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Research Overview

Energy Production Analysis of Photovoltaic Shading Devices (PVSD) in Integrated Façade Systems (IFS)Sensitivity analysis of energy consumption of Integrated Façade Systems: system and sub-system variables of a base case model for Building Energy SimulationThe application of Augmented Reality (AR) in the Architecture Engineering and Construction (AEC) industry

Augmented Reality (AR) as a concept has been in use for many years and prevalence of new mobile technologies, such as smartphones and handheld devices, have facilitated the concept of AR becoming fully realized. Various fields are exploiting the increasing feasibilities the concept of AR can offer; one of these being the Architecture, Engineering and Construction (AEC) industry. This paper introduces a research project that investigates benefits and limitations of AR for use in AEC industry. It starts with a brief background to the research before presenting a critical literature review, which forms the basis for the development and design of an AR experiment and a questionnaire for participants in the study. Results are provided with an in-depth discussion on their possible significance, before a conclusion is presented. The results suggest that although the participants believed that AR can offer a wide range of benefits to different tasks and at different stages of a project, it seems more beneficial to some specific tasks or at some specific stages than the others. Using the specific findings of this study future research in this field is proposed in different areas.Augmented Reality (AR) and Virtual Reality (VR) in construction industry: An experiential development workflow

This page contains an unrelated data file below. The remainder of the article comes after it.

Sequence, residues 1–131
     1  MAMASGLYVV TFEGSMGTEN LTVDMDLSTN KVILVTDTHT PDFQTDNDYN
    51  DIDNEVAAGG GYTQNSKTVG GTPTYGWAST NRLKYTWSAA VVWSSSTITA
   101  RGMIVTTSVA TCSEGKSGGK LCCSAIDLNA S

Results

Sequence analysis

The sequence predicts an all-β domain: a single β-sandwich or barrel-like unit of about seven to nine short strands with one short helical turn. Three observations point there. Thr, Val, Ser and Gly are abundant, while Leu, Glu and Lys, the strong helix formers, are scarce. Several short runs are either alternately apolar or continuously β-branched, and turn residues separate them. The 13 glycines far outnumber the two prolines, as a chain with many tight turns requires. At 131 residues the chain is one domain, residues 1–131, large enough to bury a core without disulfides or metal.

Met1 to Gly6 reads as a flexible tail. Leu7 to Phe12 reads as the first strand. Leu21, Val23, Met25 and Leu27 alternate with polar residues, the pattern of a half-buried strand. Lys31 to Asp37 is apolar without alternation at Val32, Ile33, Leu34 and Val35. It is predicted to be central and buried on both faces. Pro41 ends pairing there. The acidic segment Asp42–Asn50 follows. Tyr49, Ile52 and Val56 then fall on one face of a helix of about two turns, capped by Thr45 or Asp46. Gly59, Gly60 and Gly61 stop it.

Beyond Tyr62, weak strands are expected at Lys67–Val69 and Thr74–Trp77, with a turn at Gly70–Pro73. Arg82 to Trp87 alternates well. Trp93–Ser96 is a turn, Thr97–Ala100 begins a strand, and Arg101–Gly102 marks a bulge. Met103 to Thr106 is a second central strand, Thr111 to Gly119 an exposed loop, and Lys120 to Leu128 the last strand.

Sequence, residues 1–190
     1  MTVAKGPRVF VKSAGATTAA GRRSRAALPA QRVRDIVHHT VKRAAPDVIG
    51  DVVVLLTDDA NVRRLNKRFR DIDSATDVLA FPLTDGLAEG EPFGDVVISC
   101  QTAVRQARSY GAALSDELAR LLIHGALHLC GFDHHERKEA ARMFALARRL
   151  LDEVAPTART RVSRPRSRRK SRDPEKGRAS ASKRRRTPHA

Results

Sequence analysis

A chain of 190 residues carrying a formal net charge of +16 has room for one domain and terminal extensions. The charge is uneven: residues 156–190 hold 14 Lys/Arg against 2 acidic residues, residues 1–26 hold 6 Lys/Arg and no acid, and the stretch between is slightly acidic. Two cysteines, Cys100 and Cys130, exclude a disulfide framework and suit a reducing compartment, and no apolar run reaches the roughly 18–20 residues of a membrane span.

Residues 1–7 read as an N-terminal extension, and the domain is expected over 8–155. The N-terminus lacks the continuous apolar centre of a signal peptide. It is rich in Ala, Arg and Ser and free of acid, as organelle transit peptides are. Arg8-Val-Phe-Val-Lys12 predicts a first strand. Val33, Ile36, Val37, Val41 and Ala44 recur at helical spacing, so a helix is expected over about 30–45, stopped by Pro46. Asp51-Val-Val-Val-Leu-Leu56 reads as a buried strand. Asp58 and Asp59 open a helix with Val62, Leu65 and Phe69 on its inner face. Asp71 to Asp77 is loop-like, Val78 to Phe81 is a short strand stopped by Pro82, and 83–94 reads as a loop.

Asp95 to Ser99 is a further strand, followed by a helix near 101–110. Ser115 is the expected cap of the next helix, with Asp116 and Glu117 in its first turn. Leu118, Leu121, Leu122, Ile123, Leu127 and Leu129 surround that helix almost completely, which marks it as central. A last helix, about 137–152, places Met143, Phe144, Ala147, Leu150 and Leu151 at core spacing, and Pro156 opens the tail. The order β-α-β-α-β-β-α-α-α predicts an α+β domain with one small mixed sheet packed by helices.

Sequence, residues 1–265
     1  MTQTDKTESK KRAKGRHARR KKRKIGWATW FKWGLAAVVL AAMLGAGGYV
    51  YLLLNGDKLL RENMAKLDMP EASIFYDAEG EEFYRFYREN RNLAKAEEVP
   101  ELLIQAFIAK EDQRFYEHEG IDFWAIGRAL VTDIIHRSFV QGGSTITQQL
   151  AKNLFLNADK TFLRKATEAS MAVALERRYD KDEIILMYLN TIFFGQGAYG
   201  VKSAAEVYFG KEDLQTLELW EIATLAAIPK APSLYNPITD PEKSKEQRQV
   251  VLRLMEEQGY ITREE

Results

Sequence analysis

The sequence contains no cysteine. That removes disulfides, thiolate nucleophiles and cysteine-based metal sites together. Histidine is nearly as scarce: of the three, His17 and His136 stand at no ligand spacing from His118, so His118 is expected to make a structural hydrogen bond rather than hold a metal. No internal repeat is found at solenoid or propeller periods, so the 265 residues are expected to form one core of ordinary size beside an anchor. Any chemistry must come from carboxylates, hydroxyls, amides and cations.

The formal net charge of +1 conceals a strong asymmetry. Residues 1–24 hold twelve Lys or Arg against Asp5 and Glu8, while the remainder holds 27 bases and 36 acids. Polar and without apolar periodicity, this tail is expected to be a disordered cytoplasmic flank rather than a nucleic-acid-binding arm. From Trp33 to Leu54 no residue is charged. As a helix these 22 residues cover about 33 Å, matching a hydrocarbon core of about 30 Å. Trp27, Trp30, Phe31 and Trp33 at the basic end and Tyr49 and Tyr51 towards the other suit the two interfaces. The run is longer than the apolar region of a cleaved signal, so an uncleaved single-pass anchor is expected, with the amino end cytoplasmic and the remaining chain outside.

Augmented Reality (AR) and Virtual Reality (VR) in the Architecture, Engineering and Construction (AEC) industry have a sustained track record of research and development proving both technologies to be beneficial to various stakeholders throughout the lifecycle of buildings. Previous research in different areas of AR/VR in the AEC industry is not rare but rather scattered and some areas have benefitted more than others. One of the less researched areas in this field is the workflow development of the instrument in experiential research in AR/VR. With an empirical research paradigm at its core, this paper seeks to provide evidence to bridge this gap using two generic case studies, one for AR and the other for VR. A systemic procedural process is used to explain the workflow development of both experiments aiming at establishing a method which can be adopted, adapted, or customized to best suit the specifics of any similar research project in this field.